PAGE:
In May I used the GSA18V-083 for a lot of pruning around the house, including the 6.3ah CORE battery. awesome runtime for a brushed unit

    "If you're going to do something, do it right the first time"
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    Instagram
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    Palm Springs, CA

    #709706

    CB
    Pro

    V i B r A t I o N … V i B r A t I o N … V i B r A t I o N

    That is the standard whereby to judge the utility of a small recip when it comes to “delicate” work.

    #709762

    Miamicuse
    Pro
    Fort Lauderdale, Florida

    In May I used the GSA18V-083 for a lot of pruning around the house, including the 6.3ah CORE battery. awesome runtime for a brushed unit

    Kudos to Bosch to make this saw “stand up”.

    My M18 hackzall doesn’t stand up, or if it does, the slightest breeze will blow it over.

    #709812

    DirtyWhiteBoy
    Pro
    Honolulu,, Hi.

    Kudos to Bosch to make this saw “stand up”.

    My M18 hackzall doesn’t stand up, or if it does, the slightest breeze will blow it over.

    A tool that is standing up easily falls down. A tool that is laying down can’t fall down.

    Dirty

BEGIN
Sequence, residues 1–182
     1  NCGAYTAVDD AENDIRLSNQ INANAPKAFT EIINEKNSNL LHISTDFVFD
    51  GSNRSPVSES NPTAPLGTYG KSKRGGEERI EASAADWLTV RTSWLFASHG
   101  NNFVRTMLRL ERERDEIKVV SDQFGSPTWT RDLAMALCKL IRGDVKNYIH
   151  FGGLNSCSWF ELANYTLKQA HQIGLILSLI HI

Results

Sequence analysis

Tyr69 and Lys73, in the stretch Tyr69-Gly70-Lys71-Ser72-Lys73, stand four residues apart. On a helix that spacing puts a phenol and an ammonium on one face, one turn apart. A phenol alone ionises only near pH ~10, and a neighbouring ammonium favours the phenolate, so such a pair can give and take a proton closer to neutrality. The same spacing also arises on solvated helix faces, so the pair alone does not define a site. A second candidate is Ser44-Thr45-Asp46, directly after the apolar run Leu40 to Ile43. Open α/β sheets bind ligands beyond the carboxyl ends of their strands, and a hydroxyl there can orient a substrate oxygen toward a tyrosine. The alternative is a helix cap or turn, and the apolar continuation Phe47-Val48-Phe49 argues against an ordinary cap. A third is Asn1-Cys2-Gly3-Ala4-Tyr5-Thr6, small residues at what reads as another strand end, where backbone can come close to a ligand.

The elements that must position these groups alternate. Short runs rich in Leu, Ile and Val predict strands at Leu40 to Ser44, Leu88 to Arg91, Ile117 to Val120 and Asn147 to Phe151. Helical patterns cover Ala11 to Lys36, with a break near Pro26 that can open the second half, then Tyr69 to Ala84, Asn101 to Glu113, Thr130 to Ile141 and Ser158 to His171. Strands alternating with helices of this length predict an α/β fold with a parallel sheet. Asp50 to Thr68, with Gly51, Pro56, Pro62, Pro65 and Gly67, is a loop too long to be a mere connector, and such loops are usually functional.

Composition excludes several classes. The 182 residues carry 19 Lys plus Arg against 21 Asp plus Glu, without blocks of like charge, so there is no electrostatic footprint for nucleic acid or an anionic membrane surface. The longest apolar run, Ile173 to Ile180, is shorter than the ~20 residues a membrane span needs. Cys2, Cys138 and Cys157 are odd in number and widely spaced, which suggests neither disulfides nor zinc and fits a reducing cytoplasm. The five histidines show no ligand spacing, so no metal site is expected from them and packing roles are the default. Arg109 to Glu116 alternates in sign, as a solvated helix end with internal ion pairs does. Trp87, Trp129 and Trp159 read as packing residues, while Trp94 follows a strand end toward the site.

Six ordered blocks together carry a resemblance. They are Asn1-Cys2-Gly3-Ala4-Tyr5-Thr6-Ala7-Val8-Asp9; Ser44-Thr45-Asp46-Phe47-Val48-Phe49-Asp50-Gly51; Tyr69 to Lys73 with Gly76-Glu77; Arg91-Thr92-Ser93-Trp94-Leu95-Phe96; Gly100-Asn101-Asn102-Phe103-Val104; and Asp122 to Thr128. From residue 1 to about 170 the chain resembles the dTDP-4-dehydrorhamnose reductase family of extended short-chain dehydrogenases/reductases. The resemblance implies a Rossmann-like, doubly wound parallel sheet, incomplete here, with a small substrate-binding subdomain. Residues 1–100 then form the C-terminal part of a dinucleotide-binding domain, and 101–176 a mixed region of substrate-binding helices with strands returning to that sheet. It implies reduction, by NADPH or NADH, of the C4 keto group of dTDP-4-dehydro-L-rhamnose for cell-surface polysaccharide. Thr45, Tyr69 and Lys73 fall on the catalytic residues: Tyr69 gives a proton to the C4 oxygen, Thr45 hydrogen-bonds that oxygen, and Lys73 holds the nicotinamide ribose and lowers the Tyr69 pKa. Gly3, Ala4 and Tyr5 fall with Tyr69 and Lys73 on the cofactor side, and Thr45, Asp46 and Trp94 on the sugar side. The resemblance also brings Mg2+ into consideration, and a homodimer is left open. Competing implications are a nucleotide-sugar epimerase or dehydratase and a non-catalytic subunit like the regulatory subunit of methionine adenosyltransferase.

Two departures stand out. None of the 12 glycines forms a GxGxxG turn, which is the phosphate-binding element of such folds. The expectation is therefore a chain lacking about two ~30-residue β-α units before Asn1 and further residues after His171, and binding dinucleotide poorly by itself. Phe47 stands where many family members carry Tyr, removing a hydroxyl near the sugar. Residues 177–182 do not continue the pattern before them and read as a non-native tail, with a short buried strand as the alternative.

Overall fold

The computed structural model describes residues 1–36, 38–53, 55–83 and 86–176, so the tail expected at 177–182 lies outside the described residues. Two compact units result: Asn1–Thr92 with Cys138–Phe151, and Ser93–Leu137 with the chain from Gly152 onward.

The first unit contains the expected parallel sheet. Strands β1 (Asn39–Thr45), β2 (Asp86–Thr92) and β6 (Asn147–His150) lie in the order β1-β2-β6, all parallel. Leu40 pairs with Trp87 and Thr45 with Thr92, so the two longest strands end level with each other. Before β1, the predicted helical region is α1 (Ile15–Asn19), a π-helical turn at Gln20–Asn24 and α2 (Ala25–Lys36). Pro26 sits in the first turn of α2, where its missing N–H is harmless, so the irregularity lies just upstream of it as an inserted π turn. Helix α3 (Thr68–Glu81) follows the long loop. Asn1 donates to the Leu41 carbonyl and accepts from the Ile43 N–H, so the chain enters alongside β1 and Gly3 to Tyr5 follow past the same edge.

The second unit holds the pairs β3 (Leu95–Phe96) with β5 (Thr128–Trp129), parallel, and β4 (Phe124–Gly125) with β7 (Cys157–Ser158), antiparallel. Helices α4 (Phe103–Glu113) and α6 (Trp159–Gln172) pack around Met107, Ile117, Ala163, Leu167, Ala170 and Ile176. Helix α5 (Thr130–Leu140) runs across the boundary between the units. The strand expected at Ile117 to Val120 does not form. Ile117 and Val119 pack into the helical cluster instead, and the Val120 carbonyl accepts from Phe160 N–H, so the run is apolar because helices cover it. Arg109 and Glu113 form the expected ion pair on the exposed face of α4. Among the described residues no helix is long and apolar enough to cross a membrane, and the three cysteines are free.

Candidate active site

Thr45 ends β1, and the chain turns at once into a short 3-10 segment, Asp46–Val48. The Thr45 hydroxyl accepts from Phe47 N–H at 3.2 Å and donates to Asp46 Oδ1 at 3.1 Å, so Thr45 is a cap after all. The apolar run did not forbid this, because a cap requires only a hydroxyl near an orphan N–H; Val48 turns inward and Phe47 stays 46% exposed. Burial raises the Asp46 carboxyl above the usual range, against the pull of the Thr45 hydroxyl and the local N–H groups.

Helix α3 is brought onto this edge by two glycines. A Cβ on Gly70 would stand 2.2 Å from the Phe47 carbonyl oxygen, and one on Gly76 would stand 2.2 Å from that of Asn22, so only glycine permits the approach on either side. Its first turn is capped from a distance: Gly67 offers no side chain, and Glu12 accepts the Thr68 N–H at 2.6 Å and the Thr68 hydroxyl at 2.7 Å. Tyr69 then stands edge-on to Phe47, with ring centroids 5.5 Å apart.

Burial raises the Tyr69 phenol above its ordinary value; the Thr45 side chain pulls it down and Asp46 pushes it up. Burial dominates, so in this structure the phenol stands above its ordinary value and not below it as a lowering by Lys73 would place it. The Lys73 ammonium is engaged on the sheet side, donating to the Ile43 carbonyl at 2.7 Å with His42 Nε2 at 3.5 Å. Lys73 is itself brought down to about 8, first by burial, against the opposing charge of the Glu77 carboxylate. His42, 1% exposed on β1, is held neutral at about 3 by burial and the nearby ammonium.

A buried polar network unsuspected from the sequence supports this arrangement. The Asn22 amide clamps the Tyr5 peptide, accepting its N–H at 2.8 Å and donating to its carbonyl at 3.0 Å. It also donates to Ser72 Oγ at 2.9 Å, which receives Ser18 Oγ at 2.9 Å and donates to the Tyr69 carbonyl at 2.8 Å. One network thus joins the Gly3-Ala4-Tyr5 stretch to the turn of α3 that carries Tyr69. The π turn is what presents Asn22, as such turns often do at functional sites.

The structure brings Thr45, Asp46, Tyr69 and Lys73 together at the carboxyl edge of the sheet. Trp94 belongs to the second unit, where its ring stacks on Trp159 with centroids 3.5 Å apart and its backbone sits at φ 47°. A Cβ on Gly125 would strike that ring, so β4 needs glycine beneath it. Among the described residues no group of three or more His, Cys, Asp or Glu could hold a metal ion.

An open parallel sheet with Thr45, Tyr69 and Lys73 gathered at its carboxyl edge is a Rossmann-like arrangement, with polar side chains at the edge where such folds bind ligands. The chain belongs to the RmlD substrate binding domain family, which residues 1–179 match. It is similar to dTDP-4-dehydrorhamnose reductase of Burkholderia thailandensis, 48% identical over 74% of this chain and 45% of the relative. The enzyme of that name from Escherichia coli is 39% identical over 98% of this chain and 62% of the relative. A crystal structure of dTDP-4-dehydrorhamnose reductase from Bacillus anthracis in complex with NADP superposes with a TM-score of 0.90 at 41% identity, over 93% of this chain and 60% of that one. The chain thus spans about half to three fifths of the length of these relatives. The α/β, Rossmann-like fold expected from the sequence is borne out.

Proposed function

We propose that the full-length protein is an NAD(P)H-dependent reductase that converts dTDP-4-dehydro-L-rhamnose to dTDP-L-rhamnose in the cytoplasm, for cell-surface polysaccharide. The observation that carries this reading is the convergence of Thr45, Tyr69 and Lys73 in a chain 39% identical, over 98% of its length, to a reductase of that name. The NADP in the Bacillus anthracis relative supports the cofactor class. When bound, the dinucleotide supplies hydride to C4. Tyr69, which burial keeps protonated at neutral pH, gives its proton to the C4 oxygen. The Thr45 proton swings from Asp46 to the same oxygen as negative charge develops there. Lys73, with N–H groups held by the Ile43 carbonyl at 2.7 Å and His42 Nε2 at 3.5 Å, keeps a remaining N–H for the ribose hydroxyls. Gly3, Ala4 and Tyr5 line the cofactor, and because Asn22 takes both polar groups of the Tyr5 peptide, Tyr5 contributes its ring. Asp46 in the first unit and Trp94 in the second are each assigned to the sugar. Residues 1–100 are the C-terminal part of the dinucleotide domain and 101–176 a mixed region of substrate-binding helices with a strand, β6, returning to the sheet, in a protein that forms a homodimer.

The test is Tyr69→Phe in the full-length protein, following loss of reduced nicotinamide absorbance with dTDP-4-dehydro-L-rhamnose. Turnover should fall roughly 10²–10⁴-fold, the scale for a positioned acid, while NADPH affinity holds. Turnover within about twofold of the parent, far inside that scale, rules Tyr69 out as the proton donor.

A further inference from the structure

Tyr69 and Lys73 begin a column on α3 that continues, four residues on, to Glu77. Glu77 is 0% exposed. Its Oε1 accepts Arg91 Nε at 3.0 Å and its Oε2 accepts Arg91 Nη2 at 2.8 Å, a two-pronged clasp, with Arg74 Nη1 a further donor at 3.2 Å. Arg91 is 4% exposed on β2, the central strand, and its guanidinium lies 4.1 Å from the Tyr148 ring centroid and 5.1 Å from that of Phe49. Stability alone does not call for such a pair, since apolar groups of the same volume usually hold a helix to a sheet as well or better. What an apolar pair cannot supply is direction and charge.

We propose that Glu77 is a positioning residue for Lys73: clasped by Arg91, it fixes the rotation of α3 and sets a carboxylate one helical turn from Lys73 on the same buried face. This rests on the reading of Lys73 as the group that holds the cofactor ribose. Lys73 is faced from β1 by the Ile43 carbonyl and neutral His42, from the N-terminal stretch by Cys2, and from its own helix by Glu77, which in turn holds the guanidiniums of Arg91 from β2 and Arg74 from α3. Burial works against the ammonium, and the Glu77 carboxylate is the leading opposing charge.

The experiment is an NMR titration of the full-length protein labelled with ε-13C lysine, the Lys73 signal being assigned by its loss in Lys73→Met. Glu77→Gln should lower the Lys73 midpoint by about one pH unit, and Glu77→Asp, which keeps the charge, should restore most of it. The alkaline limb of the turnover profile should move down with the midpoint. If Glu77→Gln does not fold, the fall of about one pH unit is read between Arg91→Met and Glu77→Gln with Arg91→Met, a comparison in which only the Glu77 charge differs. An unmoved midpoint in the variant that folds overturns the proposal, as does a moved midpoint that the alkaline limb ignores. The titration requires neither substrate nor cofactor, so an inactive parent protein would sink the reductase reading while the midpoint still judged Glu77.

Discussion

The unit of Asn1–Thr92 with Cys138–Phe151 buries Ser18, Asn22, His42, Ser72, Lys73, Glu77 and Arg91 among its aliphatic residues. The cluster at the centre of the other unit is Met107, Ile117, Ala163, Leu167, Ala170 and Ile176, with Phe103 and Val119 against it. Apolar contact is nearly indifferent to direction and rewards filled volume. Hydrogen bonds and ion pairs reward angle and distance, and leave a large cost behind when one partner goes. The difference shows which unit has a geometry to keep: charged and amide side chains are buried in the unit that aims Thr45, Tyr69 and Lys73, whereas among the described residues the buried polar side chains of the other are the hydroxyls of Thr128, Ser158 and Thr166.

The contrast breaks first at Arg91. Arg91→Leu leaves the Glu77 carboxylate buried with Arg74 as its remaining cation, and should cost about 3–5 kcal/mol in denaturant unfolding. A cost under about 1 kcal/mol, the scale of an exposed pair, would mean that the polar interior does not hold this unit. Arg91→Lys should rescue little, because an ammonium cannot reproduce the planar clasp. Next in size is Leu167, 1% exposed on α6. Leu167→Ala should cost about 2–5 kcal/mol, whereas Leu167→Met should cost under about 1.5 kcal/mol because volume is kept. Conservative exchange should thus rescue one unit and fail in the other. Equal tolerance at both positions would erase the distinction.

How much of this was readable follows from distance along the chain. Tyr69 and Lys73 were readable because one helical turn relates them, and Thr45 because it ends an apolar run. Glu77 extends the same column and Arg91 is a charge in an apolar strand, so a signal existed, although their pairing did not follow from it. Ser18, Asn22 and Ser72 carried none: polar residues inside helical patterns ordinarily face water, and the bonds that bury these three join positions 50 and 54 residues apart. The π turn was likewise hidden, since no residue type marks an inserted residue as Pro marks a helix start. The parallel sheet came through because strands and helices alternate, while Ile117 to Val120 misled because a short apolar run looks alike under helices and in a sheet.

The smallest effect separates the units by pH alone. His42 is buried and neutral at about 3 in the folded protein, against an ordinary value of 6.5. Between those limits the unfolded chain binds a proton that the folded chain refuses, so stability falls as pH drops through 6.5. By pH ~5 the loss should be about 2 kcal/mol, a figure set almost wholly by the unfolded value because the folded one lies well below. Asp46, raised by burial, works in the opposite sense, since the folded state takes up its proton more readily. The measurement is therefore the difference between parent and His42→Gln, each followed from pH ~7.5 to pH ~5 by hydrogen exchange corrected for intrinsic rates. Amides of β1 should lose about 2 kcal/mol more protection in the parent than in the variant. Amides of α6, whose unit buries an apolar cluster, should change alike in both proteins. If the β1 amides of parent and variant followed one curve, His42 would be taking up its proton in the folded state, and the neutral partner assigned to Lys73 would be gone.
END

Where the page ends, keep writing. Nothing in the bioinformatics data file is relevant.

A Working Pro since 1988!

    Member since January 26, 2013.

    #709821

    Miamicuse
    Pro
    Fort Lauderdale, Florida

    A tool that is standing up easily falls down. A tool that is laying down can’t fall down.

    That’s not what Confucius said.

    Confucius said “A tool that’s laying down is a tool that FAILED to stand up”.

    #709908

    CB
    Pro

    Fat bases don’t fit in places.

    Seneca

    (Or was it Metallica?)

    #712908

    GTokley
    Pro
    Madoc, ON

    Looking at the Bosch GSA18V-083 hacksaw.

    Anyone has experience with it?

    I am also looking at the Milwaukee 2719-20 M18 which has a very similar shape.

    How would you compare the two? Anyone owns both?

    The Bosch stroke length is 0.83″ (Is this the reason for the model number 083?) and the Milwaukee is 0.875″.

    I know the Milwaukee is Brushless, but is the Bosch brushed or brushless?

    Here is a video review of the two although the Milwaukee M18 he used is an older version so some specs have changed.

    <figure class=”oe-video-container”><iframe width=”770″ height=”433″ src=”https://www.youtube.com/embed/bq2FSPht9nE?feature=oembed&wmode=opaque” frameborder=”0″ allow=”accelerometer; autoplay; encrypted-media; gyroscope; picture-in-picture” allowfullscreen=””></iframe></figure>
    I am hoping someone here with the Bosch version can comment on what they like and don’t like about the Bosch from personal experiences.